Caught in the crossfire of longstanding love and unexpected lust, a young woman may go too far in pursuit of what she desires. This conflict between love and lust is what Jaron Lockridge explores in Betray, his feature film about Candace (Shi Smith) and her husband Joel (Jeremy Shaw) as their far from perfect relationship finally begins to unravel.

With his chronic injury, Joel’s dreams of playing basketball are shattered, and Candace has grown disillusioned with their marriage. But when the suave Deon (Jalen Moffitt)—the boyfriend of her co-worker and best friend Stephanie (Timberly Hope)—starts showing an interest in her, Candace can’t see a way back to the life she and her husband used to have. Joel fades into the background as Deon and Candace’s affair heats up—but not every secret can stay hidden forever. Candace finds herself caught between her longtime love, her best friend, and the one person who seems to finally be bringing some excitement into her monotonous life.

With the disenchanted Candace at its helm, Lockridge’s Betray is grounded in its view of a young woman trying to find a way forward as her marriage turns rocky. Rather than take an overtly cinematic approach, Lockridge emphasizes honesty, simplicity, and naturalism, allowing the characters and their conflicts to shine. Every conversation is rife with true-to-life dialogue that prioritizes realism above all else. We see the story and its characters for what and who they are at their core; there are no embellishments hiding their rights and wrongs, only the truth about what they’ve done to find happiness in a life that seems apt to render them forgettable.

Lockridge manages to be economical in his storytelling at times—specifically when it comes to the emotional core of his film. However, the film struggles in several respects, perhaps most of all in its pacing. While its naturalism is to be commended, the film lacks the momentum it needs. Scenes can drag on for too long, often overflowing with dialogue that does little for character growth or development but rather lengthens interactions unnecessarily.

Many of the film’s characters also fall victim to one-dimensionality that makes them hard to engage with. Moffitt fills the shoes of the seductive and overconfident Deon well, yet the character himself feels forced into the story with little clarity about his motivations. Despite his major role, he feels more like a plot point than a fully embodied character that we’re eager to watch. Other characters struggle similarly, such as the assistant basketball coach Danielle (Dominique Latrice) with whom Joel takes a business trip without telling his wife. Her presence has the potential to be catastrophic to Joel and Candace’s relationship, but with so little development of her outside of the confines of her short jaunt with Joel, she is quickly lost in the fray. At times, Joel seems to fall victim to this as well, something that proves a major downfall given his part in Candace’s life. Outside of his love of basketball, he feels empty and underdeveloped, merely there to create suspense for the audience about whether or not he will discover Candace’s relationship with Deon. There are depths that could be mined for each of these characters, but we are left only to look at the surface of who they are as the film progresses.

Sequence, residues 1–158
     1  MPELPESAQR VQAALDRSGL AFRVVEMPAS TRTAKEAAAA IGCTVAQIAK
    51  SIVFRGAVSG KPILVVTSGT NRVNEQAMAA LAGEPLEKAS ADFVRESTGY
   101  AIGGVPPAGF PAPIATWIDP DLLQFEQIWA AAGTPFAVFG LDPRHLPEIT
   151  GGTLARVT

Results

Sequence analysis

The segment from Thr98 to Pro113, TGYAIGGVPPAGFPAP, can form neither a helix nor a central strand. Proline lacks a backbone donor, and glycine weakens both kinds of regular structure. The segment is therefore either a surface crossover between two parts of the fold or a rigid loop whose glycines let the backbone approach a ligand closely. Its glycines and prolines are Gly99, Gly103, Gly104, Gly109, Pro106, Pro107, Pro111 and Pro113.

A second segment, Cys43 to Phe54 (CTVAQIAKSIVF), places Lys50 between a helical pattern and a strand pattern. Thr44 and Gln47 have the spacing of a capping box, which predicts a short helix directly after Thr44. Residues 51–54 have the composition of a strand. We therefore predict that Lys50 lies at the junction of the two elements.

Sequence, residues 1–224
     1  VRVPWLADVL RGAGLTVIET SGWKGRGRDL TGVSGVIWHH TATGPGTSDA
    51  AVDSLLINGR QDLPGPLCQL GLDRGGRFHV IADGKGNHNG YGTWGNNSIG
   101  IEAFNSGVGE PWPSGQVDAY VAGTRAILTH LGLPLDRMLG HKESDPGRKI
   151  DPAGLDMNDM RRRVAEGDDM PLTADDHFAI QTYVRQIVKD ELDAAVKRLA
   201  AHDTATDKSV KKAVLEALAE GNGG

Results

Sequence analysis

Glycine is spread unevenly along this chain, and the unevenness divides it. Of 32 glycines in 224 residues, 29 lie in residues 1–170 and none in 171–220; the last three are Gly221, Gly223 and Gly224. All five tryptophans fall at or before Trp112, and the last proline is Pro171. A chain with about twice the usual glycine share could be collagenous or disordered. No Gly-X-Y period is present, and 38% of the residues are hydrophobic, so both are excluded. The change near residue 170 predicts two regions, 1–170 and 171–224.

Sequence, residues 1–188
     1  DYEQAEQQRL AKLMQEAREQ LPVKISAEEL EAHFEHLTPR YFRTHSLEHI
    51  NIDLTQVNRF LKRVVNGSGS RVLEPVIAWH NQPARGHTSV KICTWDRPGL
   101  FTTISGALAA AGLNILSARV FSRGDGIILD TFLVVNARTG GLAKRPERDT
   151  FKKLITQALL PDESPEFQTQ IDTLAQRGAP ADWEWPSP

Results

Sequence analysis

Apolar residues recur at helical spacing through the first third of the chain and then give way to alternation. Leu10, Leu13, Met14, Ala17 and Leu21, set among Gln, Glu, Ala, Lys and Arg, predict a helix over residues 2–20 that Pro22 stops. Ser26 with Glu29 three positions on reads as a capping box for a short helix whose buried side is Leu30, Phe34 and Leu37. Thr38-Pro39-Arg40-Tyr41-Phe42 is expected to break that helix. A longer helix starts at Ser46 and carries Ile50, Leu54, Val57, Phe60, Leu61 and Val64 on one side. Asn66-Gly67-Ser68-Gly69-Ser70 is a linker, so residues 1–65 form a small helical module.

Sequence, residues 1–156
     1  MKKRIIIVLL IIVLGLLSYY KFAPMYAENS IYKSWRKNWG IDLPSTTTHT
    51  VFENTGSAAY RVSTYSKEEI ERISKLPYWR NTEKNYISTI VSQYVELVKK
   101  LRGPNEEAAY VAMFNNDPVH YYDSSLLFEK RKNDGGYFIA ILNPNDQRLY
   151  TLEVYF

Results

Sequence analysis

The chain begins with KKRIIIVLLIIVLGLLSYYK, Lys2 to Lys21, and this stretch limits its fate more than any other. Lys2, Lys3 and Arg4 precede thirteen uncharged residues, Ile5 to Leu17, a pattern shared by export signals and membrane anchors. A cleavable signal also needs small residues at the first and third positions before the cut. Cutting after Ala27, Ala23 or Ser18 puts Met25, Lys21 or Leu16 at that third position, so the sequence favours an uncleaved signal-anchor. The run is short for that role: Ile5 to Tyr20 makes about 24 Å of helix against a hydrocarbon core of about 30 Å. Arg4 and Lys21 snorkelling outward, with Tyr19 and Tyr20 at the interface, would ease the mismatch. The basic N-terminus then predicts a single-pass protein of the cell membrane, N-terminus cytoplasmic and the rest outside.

With that said, Candace and her friend Stephanie support the story well, their believable chemistry marking a major success throughout the film. With the added element of Stephanie’s ongoing relationship with Deon, her friendship with Candace becomes an avenue rich with conflict that we beg to see play out on the screen. Who, if anyone, will find out about the affair, and what might happen if they do? These are the questions that we are left with, and they carry us along to the film’s climax.

Following this climax, though, the film’s ending leaves us questions that swirl around the final shots as opposed to answers. Even so, Lockridge’s film as a whole merits a watch, particularly for the emotional punch it packs from start to finish. Be it a fight with Joel, a love scene with Deon, a heartening conversation with her mother (Tymika Chambliss), or a simple shot of Candace alone with her emotions, we are never in doubt that while betrayal may be this film’s name, the complexity and heartbreak of love are what keeps us watching.




Caught in the crossfire of longstanding love and unexpected lust, a young woman may go too far in pursuit of what she desires. This conflict

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